Brief Fact Summary. A municipal ordinance requiring that 40% of employees working on city-funded projects be residents of the city, was challenged under the Fourteenth Amendment of the United States Constitution’s (Constitutions) Privileges and Immunities Clause.
Synopsis of Rule of Law. The Privileges and Immunities Clause prevents states (and cities in this case) from discriminating against non-residents if two elements are met. First, the discrimination burdens a “fundamental” privilege. Here the fundamental privilege was employment. Second, there is no “substantial reason” for the discriminating treatment.
The Defendant, the City of Camden, New Jersey (Defendant) passed an ordinance that all city projects needed at least 40% of Camden residents. The Plaintiff, United Building and Construction Trade Council of Camden County (Plaintiff) challenged the ordinance under the Privileges and Immunities Clause, asserting that it discriminated against non-Camden residents. However, the Defendant contends that the Privileges and Immunities Clause (i) applies to states and not cities (ii) does not prohibit discriminatory laws based on municipal residency and (iii) does prohibit laws which also discriminate against in-state residents as well as out-of-state residents.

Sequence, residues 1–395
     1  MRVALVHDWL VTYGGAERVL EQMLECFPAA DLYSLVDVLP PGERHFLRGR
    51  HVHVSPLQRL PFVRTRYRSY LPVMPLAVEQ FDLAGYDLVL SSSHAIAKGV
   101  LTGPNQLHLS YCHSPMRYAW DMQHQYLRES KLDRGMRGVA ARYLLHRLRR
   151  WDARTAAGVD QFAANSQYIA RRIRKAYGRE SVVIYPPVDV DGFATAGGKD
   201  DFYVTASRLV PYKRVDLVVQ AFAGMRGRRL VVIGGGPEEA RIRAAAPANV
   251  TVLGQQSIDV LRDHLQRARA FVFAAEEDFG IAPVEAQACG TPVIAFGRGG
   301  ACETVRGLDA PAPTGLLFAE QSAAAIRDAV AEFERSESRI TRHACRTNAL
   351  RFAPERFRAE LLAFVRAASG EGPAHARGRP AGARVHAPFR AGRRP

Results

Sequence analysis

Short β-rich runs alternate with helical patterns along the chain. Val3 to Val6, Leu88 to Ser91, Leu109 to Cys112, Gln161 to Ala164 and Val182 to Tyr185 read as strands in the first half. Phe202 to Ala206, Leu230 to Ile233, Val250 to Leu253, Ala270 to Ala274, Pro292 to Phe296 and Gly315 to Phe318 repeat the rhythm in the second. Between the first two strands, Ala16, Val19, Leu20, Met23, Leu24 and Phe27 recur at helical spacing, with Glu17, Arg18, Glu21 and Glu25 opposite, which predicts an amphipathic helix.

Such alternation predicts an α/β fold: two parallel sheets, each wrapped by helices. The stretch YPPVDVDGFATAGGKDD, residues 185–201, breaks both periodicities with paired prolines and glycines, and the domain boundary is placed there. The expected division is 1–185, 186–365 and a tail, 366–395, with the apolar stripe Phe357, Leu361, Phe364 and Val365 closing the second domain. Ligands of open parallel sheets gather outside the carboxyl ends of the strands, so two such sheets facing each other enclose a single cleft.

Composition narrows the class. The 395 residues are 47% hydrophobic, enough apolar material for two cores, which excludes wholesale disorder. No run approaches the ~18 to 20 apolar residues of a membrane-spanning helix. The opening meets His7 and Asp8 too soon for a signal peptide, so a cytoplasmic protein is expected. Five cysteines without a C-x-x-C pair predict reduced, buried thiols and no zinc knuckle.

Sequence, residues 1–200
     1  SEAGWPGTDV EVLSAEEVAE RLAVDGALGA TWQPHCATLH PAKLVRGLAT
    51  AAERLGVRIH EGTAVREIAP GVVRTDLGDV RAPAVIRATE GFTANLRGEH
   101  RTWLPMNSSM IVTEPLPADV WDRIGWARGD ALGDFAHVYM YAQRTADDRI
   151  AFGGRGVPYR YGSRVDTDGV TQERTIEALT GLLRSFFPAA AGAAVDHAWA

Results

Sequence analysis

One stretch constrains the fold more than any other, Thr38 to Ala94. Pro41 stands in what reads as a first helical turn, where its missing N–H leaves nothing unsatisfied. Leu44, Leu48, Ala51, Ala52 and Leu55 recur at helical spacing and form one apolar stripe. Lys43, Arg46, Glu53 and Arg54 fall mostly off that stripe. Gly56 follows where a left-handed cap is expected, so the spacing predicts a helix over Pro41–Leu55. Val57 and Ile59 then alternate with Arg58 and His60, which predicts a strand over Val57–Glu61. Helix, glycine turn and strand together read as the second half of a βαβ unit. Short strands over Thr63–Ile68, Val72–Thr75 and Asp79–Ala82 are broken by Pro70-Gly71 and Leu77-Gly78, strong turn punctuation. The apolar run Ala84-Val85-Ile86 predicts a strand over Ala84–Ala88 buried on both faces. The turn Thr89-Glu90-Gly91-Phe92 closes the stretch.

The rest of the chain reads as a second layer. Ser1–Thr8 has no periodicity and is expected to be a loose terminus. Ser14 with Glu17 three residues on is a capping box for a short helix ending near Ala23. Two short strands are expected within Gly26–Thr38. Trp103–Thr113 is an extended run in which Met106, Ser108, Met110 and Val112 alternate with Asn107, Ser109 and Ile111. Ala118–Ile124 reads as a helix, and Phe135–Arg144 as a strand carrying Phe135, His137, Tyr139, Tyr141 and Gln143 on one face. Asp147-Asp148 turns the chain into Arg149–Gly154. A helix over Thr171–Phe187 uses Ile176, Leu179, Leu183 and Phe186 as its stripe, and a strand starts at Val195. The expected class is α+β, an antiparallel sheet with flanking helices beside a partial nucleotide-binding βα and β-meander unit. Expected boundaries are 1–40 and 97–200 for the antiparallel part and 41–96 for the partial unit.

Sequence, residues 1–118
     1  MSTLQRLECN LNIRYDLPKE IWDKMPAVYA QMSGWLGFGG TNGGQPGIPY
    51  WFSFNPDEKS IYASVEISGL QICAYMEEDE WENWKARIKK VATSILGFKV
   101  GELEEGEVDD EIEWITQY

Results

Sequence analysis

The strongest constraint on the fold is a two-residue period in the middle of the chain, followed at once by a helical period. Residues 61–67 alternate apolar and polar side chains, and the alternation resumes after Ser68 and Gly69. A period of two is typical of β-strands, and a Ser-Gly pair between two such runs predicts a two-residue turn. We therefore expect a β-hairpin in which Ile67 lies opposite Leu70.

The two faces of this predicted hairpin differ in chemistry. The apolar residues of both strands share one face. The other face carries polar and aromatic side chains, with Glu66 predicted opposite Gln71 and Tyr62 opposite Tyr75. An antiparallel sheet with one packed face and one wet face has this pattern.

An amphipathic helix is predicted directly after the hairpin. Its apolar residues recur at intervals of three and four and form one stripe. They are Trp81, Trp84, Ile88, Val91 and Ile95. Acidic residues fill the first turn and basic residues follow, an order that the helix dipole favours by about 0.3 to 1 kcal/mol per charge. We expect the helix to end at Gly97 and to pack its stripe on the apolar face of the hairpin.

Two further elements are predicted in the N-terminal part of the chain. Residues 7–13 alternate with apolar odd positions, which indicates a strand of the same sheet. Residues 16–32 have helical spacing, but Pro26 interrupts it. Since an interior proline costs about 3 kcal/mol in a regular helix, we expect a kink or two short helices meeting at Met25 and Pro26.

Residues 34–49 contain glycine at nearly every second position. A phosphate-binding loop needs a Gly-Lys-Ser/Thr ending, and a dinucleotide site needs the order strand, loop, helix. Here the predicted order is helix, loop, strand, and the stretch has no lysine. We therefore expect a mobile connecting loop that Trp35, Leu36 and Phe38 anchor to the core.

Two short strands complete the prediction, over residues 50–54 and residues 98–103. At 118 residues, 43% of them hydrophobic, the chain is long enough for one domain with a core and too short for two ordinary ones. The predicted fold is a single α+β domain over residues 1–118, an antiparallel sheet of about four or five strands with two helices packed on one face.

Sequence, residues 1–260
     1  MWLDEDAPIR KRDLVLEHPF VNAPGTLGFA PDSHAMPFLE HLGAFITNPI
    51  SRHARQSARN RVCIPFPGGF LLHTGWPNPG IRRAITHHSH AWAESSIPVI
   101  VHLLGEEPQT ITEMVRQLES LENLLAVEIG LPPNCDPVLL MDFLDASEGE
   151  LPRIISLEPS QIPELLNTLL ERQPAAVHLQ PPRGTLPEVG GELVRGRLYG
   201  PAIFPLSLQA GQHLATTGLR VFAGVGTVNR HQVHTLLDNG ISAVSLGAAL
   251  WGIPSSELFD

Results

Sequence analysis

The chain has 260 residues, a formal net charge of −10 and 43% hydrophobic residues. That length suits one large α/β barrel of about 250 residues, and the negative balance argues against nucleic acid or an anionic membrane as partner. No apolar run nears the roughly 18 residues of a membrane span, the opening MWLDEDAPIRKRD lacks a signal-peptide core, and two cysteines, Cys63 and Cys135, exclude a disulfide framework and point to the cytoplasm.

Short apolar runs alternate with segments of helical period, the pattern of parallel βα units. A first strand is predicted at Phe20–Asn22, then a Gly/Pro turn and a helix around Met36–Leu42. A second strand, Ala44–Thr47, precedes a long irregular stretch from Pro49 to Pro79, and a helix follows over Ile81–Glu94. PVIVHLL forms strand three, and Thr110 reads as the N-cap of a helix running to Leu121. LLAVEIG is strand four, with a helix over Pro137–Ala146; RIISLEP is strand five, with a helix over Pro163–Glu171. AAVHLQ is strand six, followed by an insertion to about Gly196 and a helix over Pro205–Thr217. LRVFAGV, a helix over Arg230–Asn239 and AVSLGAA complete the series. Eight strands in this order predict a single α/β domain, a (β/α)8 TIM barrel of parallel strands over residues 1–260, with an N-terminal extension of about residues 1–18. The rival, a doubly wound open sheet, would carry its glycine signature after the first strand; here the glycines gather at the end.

Issue. Does this law violate the Fourteenth Amendment of the Constitution’s Privileges and Immunities Clause?
Held. Yes, the Privileges and Immunities Clause prevents states and cities from discriminating against non-residents if (1) the discrimination burdens a “fundamental” privilege (here it was employment) and (2) there is no “substantial reason” for the discriminating treatment.
Discussion. Points of Law - for Law School Success
The inquiry must also, of course, be conducted with due regard for the principle that the States should have considerable leeway in analyzing local evils and in prescribing appropriate cures. View Full Point of Law
There is a two-part analysis in determining whether a local ordinance violates the Privileges and Immunities Clause. First, a court must determine whether the discrimination burdens the “fundamental” privilege (here it was employment). Second, a court must determine whether there is no “substantial reason” for the discriminating treatment.
Also, since cities derive their laws from the State legislation, they are therefore, part of the State and covered by the Privileges and Immunities Clause.
Here, the law also applies to in-state residents who do not live in Camden. They, however, can vote against such ordinances and legislators who propose ideas pertaining to such ordinances. Out-of-state residents have no protection except for the Privileges and Immunities Clause protections.